ALBUQUERQUE, N.M. (KRQE) – It’s been a debate for hundreds of years, now, one New Mexico archaeologist has made a discovery that gives new insight into when Neanderthals went extinct.
The Picareiro Cave in Portugal has been an archeological hot spot for 25 years and a recent discovery by a Univesrity of New Mexico Ph.D. candidate Milena Carvalho gives new insight into the lives and extinction of Neanderthals. “Our research kind of throws a wrench into all these different ideas, it’s overturned a lot of ideas about what people thought happened,” Carvalho says.
Carvalho says researchers often use stone tools to learn about certain types of humans and their ancestors. “In this case what we ended up finding were stone tools that are particular to mostly [sic] modern humans in Europe they hadn’t been associated with modern humans in Portugal yet,” Carvalho says.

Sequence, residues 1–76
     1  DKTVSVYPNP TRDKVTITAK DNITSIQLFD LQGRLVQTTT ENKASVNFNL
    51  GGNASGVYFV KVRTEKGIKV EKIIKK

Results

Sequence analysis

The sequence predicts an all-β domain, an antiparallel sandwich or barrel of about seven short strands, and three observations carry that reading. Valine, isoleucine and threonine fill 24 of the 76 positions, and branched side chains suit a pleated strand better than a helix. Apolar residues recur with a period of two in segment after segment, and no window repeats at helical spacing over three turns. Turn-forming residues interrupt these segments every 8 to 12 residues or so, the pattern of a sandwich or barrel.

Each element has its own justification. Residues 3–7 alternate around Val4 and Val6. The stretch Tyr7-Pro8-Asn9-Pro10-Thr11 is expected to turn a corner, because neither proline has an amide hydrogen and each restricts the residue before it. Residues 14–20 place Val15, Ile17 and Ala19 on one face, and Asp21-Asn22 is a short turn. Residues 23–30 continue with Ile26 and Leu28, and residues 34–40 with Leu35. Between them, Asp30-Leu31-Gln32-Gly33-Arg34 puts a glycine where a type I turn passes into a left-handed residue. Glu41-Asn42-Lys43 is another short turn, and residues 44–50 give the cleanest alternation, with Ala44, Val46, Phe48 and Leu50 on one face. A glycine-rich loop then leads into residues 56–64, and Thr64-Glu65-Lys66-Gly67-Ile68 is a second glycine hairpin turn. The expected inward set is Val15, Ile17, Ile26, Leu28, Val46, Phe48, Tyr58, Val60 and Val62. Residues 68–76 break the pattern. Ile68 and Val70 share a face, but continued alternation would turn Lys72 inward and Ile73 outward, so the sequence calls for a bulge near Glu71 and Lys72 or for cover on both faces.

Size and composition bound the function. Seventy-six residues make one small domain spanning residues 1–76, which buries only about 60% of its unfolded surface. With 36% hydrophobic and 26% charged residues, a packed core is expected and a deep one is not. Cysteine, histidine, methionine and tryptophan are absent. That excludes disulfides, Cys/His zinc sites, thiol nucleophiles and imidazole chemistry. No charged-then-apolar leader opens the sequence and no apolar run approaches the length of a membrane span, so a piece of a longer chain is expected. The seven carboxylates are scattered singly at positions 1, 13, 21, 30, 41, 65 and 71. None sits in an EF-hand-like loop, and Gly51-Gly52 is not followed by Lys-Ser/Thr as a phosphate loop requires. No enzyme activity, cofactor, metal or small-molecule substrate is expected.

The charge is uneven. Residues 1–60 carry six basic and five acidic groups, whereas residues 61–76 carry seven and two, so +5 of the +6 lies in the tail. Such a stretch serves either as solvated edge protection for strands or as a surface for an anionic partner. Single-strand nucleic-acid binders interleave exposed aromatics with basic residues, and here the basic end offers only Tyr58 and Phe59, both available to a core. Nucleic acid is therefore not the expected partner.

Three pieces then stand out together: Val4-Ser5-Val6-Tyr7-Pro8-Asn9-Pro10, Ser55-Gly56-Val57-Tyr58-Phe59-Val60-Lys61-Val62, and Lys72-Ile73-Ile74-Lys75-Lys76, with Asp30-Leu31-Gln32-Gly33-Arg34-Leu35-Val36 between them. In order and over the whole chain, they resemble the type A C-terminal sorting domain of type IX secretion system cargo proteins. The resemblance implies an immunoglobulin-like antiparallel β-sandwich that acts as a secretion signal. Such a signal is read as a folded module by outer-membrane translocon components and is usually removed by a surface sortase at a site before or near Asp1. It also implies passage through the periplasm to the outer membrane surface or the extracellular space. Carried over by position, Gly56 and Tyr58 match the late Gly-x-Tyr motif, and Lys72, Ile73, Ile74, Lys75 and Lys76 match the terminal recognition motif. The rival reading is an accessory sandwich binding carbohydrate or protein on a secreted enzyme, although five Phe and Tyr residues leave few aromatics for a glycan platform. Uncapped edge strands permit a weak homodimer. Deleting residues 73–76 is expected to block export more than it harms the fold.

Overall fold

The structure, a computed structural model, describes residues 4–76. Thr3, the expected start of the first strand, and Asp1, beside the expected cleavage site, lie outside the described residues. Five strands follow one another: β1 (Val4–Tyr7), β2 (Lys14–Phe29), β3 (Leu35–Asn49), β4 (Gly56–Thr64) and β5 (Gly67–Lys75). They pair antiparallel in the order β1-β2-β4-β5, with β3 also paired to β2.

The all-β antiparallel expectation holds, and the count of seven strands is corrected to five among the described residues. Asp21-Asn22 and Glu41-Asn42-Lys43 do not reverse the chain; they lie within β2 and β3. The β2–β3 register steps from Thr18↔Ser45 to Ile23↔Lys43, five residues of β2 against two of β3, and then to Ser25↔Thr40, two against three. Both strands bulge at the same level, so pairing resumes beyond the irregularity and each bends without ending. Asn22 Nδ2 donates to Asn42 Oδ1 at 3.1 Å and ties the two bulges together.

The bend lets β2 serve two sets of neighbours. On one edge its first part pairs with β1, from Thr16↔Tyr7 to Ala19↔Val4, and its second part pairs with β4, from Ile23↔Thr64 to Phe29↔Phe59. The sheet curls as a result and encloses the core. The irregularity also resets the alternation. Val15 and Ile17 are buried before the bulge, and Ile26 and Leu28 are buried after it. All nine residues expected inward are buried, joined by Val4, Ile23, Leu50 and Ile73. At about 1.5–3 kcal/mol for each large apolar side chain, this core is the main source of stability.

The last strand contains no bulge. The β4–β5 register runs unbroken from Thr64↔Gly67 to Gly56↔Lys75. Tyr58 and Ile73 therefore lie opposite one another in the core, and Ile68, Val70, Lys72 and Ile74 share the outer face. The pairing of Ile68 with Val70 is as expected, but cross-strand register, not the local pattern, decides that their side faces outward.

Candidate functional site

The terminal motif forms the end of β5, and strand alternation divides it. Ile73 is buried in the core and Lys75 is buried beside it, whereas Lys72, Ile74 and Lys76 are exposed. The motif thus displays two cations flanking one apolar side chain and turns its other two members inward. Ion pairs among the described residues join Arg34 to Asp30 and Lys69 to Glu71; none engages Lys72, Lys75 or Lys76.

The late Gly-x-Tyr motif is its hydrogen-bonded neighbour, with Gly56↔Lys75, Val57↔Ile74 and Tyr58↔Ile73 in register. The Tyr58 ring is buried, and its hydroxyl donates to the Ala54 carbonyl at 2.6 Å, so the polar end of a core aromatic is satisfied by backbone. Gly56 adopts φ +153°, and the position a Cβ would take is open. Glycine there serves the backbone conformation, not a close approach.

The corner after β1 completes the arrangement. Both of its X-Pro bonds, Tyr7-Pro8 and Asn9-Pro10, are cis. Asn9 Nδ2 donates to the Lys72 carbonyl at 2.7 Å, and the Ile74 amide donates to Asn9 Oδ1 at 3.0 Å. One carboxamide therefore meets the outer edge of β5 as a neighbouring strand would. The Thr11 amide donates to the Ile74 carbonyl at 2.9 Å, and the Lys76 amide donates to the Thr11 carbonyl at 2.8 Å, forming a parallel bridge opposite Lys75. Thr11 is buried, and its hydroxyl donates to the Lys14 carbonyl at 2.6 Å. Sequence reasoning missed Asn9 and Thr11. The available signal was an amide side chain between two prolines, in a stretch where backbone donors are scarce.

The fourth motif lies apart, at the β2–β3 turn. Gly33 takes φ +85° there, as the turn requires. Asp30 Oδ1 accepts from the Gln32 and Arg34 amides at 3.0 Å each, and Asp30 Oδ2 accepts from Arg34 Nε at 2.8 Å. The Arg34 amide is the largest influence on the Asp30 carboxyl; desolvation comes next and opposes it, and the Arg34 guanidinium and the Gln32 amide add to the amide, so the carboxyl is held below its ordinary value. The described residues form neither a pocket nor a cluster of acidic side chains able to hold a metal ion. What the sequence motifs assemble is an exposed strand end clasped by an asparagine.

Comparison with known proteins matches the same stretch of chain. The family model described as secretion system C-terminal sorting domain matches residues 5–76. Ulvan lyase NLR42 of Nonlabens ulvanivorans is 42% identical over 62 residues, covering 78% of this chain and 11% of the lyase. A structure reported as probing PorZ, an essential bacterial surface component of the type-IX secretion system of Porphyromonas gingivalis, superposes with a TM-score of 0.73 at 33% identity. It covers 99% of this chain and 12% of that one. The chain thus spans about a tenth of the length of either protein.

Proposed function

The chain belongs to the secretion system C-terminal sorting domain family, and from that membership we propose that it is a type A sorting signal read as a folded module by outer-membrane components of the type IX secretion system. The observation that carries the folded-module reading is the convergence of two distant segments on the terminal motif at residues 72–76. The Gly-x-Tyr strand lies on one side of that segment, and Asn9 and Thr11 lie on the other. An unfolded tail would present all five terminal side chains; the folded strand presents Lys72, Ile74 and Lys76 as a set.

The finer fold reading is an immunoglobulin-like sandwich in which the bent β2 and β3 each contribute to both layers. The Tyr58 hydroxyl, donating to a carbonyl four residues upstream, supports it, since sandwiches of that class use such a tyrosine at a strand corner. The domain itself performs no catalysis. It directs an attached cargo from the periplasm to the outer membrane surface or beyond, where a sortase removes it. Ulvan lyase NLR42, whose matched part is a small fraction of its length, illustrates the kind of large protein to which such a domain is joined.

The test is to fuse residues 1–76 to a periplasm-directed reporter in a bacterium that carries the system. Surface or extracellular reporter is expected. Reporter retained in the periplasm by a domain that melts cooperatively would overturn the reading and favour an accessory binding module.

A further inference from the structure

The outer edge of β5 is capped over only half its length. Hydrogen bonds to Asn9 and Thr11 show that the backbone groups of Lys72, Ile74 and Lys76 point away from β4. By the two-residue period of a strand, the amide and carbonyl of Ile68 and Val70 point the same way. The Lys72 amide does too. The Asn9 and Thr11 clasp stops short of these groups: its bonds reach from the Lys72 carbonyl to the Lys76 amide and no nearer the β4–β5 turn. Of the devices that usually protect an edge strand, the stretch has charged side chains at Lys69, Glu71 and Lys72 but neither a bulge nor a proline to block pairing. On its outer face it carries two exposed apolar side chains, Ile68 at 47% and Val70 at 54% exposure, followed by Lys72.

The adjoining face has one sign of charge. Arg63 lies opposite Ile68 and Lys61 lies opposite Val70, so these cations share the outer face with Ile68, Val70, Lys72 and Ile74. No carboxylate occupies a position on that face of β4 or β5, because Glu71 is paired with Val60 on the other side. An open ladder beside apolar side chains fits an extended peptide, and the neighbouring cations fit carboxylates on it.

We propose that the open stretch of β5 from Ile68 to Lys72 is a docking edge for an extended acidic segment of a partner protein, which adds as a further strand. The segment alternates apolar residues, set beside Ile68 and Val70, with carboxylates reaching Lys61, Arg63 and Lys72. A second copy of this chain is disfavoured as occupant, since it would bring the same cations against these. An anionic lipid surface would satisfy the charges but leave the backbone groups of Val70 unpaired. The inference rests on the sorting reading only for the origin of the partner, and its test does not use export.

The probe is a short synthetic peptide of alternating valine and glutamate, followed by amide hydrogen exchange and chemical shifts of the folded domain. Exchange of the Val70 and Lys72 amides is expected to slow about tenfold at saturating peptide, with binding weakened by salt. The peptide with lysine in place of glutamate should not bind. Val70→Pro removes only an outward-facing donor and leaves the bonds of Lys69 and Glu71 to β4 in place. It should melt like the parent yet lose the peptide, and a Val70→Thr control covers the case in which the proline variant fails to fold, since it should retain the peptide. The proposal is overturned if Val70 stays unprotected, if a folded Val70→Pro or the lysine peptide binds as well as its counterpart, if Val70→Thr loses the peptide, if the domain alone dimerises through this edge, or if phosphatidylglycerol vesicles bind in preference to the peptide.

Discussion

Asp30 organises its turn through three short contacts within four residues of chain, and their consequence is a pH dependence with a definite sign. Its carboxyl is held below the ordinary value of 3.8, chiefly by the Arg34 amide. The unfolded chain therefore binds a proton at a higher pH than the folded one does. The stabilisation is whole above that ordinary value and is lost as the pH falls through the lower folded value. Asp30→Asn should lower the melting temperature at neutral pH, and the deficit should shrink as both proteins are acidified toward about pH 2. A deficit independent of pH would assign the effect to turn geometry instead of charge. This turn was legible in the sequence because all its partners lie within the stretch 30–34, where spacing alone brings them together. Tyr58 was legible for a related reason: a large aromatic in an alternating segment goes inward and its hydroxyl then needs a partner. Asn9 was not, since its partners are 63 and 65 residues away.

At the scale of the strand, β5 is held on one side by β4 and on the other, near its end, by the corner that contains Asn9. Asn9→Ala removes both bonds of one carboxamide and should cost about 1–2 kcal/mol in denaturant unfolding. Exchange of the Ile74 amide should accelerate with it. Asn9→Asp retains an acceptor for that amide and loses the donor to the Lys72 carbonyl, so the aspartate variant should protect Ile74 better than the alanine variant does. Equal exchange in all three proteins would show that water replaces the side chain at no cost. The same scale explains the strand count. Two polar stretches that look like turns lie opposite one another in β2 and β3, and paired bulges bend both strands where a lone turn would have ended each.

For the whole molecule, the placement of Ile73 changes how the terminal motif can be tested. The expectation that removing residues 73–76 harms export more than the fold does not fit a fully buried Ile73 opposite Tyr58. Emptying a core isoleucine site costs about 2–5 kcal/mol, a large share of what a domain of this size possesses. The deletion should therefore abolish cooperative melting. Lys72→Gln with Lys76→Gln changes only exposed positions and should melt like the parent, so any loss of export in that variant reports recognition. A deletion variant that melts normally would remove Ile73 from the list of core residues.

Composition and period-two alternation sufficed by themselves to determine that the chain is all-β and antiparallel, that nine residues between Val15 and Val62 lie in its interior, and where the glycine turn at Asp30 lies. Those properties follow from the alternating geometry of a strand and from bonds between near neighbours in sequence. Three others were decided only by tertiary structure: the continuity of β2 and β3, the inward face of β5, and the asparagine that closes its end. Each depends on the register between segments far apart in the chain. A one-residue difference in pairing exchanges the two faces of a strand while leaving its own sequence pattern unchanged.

Carvalho says the tools they found proves the modern human presence was in Portugal 5,000 years earlier than once thought. Meaning, Neanderthals and modern humans could have lived at the same time. “Whether modern humans and Neanderthals inbreed they were genetically swamped and got mixed in with modern humans, so there were no true Neanderthals left. Was it competition modern humans, just came in and they were better at hunting better at exploiting their landscape and surviving?” Carvalho said.
Carvalho they are still working to pinpoint the last presence of Neanderthals and the first presence of modern humans. “The plan is to keep going back and keep excavating; we still need to find more,” Carvalho says. Carvalho says they spend about four to six weeks excavating the cave each year.
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